Has your council tax arrears escalated and you now face bailiffs? 

We have important information you need to know when dealing with enforcement agents sent by a local authority. Before you allow a bailiff into your home, you should hear this and seek debt advice.

Read this short guide to understand if an enforcement agent can force their way in your house – and how you might be able to stop them.

Simplified Process of Collecting Council Tax Arrears

The council will write a letter to you asking you to pay what you owe as soon as possible and within seven days. 

If you fail to pay your bill, they will contact you again, asking you to pay or face county court action. 

If they have to contact you a third time, they might ask you to pay the remaining year’s worth of tax in one payment.

If you continue to ignore them, the process for collecting arrears typically follows:

  1. Court action- a judge issues you with a liability order requesting you make arrangements to pay.
  1. If you still don’t pay, the council will use the liability order to enforce the debt, which might mean they employ local enforcement agents to turn up at your door. Enforcement is possible in ways not using a bailiff. Bailiff action can be stressful. Alternatively they may use an attachment of earnings order where you won’t face bailiffs but you will have to repay from your wages. 
  1. The enforcement agents must follow a series of stages, giving you a chance to pay or sign a Controlled Goods Agreement (CGA). This is a repayment plan secured against your valuables to deter you from failing to pay.
  1. If no CGA is accepted, the enforcement agents will visit your home to seize possession of goods – such as a car – which are then sold at auction to pay the debt. You will have to pay for this bailiff enforcement service as well. 

This is a typical process for someone not agreeing to clear tax owed, but it can change depending on your circumstances and other factors.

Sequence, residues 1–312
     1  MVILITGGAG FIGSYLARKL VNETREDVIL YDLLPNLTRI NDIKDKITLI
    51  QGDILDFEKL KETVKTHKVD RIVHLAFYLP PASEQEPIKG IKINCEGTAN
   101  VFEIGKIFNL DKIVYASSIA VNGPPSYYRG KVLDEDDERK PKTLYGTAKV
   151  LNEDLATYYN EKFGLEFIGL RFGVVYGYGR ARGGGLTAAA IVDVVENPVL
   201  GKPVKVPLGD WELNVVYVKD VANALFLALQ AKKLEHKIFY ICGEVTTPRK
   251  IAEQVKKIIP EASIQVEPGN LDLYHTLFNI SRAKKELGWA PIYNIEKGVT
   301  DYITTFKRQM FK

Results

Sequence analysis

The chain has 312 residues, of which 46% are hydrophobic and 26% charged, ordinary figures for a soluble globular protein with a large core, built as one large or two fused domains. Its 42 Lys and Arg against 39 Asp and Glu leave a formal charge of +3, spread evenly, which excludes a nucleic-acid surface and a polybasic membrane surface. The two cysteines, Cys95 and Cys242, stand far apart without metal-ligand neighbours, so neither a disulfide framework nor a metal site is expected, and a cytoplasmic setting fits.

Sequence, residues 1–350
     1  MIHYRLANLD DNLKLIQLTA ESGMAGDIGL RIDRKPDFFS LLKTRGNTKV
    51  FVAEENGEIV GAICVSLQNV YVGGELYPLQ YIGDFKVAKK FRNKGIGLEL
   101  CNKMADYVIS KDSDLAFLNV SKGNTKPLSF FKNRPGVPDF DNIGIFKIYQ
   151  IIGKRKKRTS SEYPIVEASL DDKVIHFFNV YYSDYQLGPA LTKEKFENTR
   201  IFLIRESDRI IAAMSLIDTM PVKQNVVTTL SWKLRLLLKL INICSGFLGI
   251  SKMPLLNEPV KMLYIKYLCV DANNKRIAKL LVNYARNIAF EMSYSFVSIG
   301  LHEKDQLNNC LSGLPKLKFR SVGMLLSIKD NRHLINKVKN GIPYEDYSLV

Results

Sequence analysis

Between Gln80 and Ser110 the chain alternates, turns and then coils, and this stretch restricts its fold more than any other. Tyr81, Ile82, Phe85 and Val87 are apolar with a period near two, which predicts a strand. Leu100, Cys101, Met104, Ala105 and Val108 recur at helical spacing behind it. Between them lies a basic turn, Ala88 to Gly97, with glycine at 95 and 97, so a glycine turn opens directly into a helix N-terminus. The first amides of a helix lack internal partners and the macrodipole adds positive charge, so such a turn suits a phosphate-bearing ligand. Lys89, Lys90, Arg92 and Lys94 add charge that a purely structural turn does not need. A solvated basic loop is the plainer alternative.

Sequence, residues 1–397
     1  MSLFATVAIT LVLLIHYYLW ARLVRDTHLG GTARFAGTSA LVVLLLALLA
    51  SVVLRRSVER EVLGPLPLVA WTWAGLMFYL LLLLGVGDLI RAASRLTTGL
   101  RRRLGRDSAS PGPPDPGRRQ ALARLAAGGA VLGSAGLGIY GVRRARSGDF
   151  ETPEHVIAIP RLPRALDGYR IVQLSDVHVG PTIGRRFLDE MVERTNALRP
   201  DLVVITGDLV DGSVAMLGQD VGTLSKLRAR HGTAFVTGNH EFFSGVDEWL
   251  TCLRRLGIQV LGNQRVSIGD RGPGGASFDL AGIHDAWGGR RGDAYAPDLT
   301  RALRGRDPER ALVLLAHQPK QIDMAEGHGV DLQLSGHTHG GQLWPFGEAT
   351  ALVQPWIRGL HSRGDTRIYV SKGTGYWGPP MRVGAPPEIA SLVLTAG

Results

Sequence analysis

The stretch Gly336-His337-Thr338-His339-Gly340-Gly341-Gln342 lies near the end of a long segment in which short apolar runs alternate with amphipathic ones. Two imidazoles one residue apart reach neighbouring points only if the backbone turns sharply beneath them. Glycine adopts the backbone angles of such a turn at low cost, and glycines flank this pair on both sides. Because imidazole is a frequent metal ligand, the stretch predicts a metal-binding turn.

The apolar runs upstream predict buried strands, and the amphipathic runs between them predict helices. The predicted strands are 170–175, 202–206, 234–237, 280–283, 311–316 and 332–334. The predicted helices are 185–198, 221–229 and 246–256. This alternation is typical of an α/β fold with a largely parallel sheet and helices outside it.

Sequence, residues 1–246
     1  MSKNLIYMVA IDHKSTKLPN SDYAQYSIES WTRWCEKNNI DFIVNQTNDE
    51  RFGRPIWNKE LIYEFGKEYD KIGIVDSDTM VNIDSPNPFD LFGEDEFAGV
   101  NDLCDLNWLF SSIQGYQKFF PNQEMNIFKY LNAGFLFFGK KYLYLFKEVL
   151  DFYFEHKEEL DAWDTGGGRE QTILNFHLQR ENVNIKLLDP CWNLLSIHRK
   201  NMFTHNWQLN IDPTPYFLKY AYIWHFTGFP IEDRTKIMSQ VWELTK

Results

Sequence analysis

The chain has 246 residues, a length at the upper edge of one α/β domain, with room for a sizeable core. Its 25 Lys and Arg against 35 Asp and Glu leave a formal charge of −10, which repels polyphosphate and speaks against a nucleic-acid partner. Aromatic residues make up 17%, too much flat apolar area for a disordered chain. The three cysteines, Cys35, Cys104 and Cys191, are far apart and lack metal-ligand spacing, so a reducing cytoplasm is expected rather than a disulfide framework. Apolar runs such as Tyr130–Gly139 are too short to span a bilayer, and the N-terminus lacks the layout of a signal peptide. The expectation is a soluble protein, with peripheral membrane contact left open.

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How to Stop Council Tax Bailiffs

You should aim to clear your debt or come to an agreement before an enforcement agent gets involved. 

This is because as soon as a bailiff is employed, they start charging fees that are added to your debt. 

If you do pay anything to a bailiff, make sure you get a receipt.

Prevention is better than cure when it comes to bailiff action! Dealing with bailiffs can take a toll on your mental health. 

If an enforcement agent has already been employed to enforce the debt, they will write to you asking you to make a payment in full or agree to a CGA. They will give you seven ‘clear’ days’ notice to pay your debts, or they will come to your house.

Thus, you can stop coming to your door by paying or agreeing to affordable monthly payments. 

Again, get a receipt if you have paid.

Another way to stop bailiffs is if you are classed as a vulnerable person as stated in the Taking Control of Goods (Fees) Regulation. 

This regulation says what people can be charged by bailiffs and discusses some exemptions. 

Bailiffs cannot repossess goods from someone at their home if they are deemed vulnerable before they get free advice from a debt charity or organisation. 

You would be considered vulnerable for many reasons, not limited to recent bereavement or unemployment, learning difficulties, pregnancy or if you are a single parent. 

You should call the enforcement agent if you are a vulnerable person to explain, so they do enter your home to take goods. 

The additional benefit is that a bailiff company cannot apply some bailiff fees if you are vulnerable, including the first visit fee which is over £200!

Remember, it’s best to call them before they call on you!

But you should also know the law says a bailiff can still request you to clear the money owed even if you are deemed vulnerable. They must only not take goods until the individual has received debt advice. 

Can bailiffs force entry for council tax?

A bailiff can make their way into your home on a visit if a door is open or unlocked, known as peaceful entry. In most cases, they are not allowed to force their way in, and you don’t have to let a bailiff in.